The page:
The agent is closed to queries - sort of a no-brainer. Most, though not all, eventually get caught up and are back in the hunt for new writers, so those are yellow for the time being. I say most because there are always those agents who only accept queries from people they've met at writing conferences or are recommended to them by someone they already work with. There is no getting to these agents, so they would be red in my book, rather, my query spreadsheet.

And there is the quandary whenever there are two or more agents at an agency that I could possibly query. It depends on the agency, but I usually shy away from the head/owner of the agency in cases like this. Maybe I'm wrong but I figure they're probably harder to attract seeing as they've got employees and business to attend to, in addition to looking for new talent. Someone on staff is probably more accessible.

It differs by the agency but some want you to only query one agent only. The idea is that if internally they think another agent at the firm would be a better fit, they'll send your query to them. My gut feeling, based on no insights, is that if one agent passes, even if another agent might be a better fit,  the query probably ends up in the round file rather than in the other agent's inbox. I would make one agent green and the others yellow. You never know, there will be other books and I might be trying the same agency but a different agent next time.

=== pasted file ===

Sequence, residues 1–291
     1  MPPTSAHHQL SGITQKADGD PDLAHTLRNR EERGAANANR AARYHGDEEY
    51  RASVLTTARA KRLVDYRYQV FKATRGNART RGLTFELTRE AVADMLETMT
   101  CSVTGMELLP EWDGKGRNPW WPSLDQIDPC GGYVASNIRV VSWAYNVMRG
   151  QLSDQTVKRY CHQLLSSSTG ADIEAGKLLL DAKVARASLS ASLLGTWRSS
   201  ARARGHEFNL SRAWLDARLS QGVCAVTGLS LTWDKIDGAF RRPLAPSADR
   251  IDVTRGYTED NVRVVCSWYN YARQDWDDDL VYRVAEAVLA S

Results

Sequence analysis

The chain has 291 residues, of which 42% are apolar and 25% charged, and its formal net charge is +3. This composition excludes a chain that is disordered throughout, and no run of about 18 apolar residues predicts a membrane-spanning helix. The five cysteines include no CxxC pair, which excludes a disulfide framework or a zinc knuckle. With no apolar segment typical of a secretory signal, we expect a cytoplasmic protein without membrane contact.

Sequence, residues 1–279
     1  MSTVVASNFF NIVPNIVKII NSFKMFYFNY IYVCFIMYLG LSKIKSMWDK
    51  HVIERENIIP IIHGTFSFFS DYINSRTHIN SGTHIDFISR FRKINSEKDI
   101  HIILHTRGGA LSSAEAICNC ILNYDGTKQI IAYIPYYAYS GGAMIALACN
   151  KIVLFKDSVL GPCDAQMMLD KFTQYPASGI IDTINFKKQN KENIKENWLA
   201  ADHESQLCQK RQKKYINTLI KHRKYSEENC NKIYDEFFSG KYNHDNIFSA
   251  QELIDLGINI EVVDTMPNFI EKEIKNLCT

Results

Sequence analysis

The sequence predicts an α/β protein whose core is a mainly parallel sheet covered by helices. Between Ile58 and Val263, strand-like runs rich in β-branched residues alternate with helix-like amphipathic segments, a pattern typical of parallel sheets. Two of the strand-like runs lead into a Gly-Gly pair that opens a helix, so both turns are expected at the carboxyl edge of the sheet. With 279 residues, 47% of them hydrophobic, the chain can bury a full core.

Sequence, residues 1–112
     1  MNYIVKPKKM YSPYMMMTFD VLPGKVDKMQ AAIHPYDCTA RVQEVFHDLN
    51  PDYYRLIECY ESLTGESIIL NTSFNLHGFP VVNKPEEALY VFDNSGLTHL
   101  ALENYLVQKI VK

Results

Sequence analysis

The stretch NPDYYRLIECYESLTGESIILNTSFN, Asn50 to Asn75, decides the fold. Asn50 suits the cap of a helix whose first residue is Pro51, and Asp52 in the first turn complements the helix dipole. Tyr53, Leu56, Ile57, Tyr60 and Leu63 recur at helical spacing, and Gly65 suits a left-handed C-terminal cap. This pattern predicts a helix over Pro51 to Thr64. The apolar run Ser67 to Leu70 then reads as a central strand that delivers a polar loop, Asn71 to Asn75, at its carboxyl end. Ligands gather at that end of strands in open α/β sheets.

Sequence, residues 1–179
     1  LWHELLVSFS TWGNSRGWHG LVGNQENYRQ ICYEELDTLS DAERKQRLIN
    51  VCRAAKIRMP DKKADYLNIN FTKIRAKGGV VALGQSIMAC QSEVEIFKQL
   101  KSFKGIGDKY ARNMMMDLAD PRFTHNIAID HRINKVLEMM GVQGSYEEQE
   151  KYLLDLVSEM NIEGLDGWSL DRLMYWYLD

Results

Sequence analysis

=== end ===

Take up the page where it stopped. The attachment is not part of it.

There are a few that welcome you to send it to another agent if one declines, so in that case, both agents would be coded as green.

Am I making it sound too complicated?

As they say, it only takes one to believe in you, they just never guarantee there is one out there who does.

So much for queries. The research has taken up a good portion of my "writing time" this week and probably the week or two ahead as well, as there are only so many bios and websites I can get through at once. And believe it or not, while doing my day job I'm not dreaming of researching agents. That's not what I live for.

I did work sporadically on the next J.D. Barrister book, currently titled Skylar. I'm about 9000 words into the first draft but I think I only did about 500 words this week. (I know, the blog is called 1000 Words a Day but that's a goal, not a hard and fast rule.) I'm still feeling my way through this one.